# Oops… I forgot to leave an empty SQL table partition, how can I split it with minimal IO impact?

One of the several advantages you get with partitioning a very large table is the ability to add or remove partitions instantaneously to help you with sliding window scenarios. However there are caveats if best practices aren’t followed. If the right most partition (in case of a RANGE LEFT partition) or the left most partition (in case of a RANGE RIGHT partition) is not empty, then adding a partition is time and resource intensive Since it will be a logged operation and there will be data movement

The Problem:

Given I did not follow the best practices and don’t have an empty partition, the Split operation on a non-empty partition is expensive in particular if we have partitions with millions or billions of rows. How would I execute a split in a way that is non-logged and incurs minimal overhead?

For this scenario, the table is partitioned by a date time column with RANGE LEFT but the same holds true with other data types as well partitioned with RANGE LEFT.

Note: We recommend range right partitions for Datetime values. For additional details as to why see the whitepaper below. However for the purpose of the blog we are using RANGE LEFT given this problem occurs only on the split of the right most non-empty partition which is much more common.

Partition Function:

CREATE PARTITION FUNCTION [Orders__Function](datetime) AS RANGE LEFT FOR VALUES

(N'2012-12-31T23:59:59.997',

N'2013-03-31T23:59:59.997',

N'2013-06-30T23:59:59.997')

And here is how the data is partitioned in a table that uses the above partition function.

Partitioned Table:

 Partition # Partition 1 Partition 2 Partition 3 Partition 4 Data Range <= 12/31/2012 <=3/31/2013 <=6/30/2013 > 6/30/2013

In order to understand the implications, let’s create a partitioned table and demonstrate how a split can result in data movement.

Note: The table we create has just 1000 rows in each partition, benefit is for much larger tables though.

/*****************************************************

Step 1: Scenario SETUP

*************************************************/

use master

go

drop database PartitionTest

create database PartitionTest

use PartitionTest

go

ALTER DATABASE [PartitionTest] ADD FILEGROUP [FG1];

ALTER DATABASE [PartitionTest] ADD FILEGROUP [FG2];

ALTER DATABASE [PartitionTest] ADD FILEGROUP [FG3];

ALTER DATABASE [PartitionTest] ADD FILEGROUP [FG4];

GO

Alter database PartitionTest set recovery simple

go

ALTER DATABASE [PartitionTest] ADD FILE ( NAME = N'PartitionTest_1', FILENAME = N'D:\Temp\PartitionTest_1.ndf') TO FILEGROUP [FG1]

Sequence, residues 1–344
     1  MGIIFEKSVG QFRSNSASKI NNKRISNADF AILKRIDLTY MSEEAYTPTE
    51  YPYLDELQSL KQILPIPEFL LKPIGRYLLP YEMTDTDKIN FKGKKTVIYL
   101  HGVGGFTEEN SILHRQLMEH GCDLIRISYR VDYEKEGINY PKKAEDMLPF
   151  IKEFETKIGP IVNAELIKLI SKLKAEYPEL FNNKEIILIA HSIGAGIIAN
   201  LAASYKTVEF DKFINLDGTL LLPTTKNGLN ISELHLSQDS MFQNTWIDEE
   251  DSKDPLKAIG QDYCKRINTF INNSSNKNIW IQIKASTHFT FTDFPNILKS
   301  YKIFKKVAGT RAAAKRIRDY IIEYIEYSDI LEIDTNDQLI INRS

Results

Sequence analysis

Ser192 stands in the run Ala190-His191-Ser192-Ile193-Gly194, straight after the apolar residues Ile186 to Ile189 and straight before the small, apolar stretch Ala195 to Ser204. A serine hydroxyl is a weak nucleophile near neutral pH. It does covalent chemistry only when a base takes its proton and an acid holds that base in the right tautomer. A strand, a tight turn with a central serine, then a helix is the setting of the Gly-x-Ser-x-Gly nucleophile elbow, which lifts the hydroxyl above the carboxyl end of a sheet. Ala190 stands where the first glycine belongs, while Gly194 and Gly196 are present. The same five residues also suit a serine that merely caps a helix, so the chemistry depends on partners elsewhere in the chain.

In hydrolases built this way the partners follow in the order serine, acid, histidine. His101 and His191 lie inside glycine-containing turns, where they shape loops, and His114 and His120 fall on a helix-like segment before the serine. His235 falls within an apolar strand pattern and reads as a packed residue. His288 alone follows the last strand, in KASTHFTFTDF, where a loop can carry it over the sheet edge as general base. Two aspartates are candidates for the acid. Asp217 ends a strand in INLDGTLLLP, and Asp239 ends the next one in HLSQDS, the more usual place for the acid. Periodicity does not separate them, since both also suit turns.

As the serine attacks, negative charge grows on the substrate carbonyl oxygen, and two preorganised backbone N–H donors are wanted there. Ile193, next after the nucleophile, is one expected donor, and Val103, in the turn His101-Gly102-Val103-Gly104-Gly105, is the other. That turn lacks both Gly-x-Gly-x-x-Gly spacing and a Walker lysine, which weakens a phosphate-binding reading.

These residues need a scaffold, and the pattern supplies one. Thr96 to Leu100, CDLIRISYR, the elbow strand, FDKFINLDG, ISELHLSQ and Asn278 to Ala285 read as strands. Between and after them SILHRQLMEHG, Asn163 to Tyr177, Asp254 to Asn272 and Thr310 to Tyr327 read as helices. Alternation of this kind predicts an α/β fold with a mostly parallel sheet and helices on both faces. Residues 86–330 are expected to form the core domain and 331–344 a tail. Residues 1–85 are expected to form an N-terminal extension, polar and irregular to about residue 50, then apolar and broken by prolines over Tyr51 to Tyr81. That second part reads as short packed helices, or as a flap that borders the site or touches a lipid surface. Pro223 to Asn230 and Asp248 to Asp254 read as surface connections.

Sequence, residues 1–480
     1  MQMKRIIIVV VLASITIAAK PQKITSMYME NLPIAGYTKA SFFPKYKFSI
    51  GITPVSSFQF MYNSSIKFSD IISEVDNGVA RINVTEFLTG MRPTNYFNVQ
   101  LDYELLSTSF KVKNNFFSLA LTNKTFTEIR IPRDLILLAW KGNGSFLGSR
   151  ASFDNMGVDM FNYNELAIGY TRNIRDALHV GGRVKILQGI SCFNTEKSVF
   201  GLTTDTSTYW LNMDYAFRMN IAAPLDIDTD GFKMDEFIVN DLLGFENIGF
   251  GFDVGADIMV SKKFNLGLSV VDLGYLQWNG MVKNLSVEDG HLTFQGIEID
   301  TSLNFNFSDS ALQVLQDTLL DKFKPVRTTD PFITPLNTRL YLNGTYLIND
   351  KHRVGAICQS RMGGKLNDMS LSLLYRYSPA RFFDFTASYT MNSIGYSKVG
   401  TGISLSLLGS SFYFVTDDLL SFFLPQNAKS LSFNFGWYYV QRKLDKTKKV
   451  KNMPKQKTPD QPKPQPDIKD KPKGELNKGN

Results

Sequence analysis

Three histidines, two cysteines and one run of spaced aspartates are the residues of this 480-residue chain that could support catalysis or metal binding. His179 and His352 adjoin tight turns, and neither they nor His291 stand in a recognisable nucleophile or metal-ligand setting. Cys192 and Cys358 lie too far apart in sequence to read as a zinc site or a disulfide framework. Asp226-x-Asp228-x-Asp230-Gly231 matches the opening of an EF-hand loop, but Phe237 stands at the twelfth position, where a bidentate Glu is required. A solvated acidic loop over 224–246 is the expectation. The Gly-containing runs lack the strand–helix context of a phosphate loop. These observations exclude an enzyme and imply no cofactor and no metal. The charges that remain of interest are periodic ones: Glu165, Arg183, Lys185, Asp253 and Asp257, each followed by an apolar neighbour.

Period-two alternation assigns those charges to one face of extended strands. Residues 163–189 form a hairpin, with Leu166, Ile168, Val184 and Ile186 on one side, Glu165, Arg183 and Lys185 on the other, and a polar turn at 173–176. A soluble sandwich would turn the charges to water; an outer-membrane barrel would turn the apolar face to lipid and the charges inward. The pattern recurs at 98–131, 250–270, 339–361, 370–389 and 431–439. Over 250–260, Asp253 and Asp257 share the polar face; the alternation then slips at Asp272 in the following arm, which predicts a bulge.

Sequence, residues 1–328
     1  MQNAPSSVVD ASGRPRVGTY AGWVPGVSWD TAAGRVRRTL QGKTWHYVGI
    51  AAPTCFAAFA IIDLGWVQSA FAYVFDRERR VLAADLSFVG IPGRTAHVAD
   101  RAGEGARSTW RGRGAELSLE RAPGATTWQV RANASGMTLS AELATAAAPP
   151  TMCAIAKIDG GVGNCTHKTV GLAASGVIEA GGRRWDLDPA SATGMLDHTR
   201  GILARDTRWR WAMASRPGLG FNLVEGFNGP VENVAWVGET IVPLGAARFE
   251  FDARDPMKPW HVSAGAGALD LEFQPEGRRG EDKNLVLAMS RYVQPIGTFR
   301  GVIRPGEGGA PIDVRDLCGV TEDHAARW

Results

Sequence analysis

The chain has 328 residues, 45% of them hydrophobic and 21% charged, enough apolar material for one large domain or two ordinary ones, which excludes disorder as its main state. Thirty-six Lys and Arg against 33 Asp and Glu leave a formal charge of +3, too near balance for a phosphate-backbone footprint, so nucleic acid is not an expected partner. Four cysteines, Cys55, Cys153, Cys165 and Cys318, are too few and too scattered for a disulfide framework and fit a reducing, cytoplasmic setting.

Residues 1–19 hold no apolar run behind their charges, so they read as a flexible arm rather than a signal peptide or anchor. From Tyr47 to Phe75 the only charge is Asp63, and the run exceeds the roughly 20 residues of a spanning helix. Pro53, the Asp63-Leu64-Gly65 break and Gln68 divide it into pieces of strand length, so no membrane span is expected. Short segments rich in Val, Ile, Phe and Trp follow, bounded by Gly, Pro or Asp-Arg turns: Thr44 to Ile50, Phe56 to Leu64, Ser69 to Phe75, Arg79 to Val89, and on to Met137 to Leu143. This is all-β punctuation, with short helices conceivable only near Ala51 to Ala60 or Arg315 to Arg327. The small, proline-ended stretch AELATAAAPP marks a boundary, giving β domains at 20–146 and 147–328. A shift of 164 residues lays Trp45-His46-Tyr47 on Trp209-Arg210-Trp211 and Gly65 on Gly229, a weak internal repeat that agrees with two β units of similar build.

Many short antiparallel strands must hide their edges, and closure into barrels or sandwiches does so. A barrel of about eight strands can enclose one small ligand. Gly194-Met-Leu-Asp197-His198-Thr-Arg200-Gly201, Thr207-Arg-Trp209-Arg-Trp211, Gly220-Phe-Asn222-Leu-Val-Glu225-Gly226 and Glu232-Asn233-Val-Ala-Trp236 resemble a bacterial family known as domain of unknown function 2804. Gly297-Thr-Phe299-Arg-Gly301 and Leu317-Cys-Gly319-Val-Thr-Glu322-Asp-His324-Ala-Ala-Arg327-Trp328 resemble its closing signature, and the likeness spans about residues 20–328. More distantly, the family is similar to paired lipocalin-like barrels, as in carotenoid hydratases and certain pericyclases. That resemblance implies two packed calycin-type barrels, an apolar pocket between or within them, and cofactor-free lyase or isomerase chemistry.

ALTER DATABASE [PartitionTest] ADD FILE ( NAME = N'PartitionTest_2', FILENAME = N'D:\Temp\PartitionTest_2.ndf') TO FILEGROUP [FG2]

ALTER DATABASE [PartitionTest] ADD FILE ( NAME = N'PartitionTest_3', FILENAME = N'D:\Temp\PartitionTest_3.ndf') TO FILEGROUP [FG3]

ALTER DATABASE [PartitionTest] ADD FILE ( NAME = N'PartitionTest_4', FILENAME = N'D:\Temp\PartitionTest_4.ndf') TO FILEGROUP [FG4]

GO

-- Create partition function

CREATE PARTITION FUNCTION [Orders__Function](datetime) AS RANGE LEFT FOR VALUES

(N'2012-12-31T23:59:59.997',

N'2013-03-31T23:59:59.997',

N'2013-06-30T23:59:59.997')

go

-- Create partition Scheme

CREATE PARTITION SCHEME [Orders__Scheme] AS PARTITION [Orders__Function] TO

([FG1],[FG2],[FG3],[FG4])

-- Create table

CREATE TABLE [dbo].[Orders](

[OrdDate] [datetime] NOT NULL,

[ID] [bigint] IDENTITY(1,1) NOT NULL,

-- Partition the table

CREATE UNIQUE CLUSTERED INDEX IX_Orders

ON [Orders](OrdDate asc,ID asc)

ON [Orders__Scheme] (OrdDate);

GO

-- Insert rows into  partitions (partition 4 in this case)

Use PartitionTest

set nocount on

go

declare @i int

set @i = 1

declare @date Datetime

while (@i < 1000)

begin

--insert into testtable values (@date)

insert into [Orders] values (@date, 'Denzil')

insert into [Orders] values (dateadd(month,3,@date), 'Denzil')

insert into [Orders] values (dateadd(month,6,@date), 'Denzil')

insert into [Orders] values (dateadd(month,9,@date), 'Denzil')

set @i = @i+1;

end

-- Check the rowcount in each partition

select \$PARTITION.[Orders__Function](Orddate) as PartionNum,COUNT(*) as CountRows from  Orders

Group by \$PARTITION.[Orders__Function](Orddate)

Now if we look at the distribution of rows, we will see that the last partition is not empty and has 999 rows

SELECT

t.name as TableName,i.name as IndexName,

p.partition_id as partitionID,

p.partition_number,rows, fg.name

FROM sys.tables AS t

INNER JOIN sys.indexes AS i ON (t.object_id = i.object_id)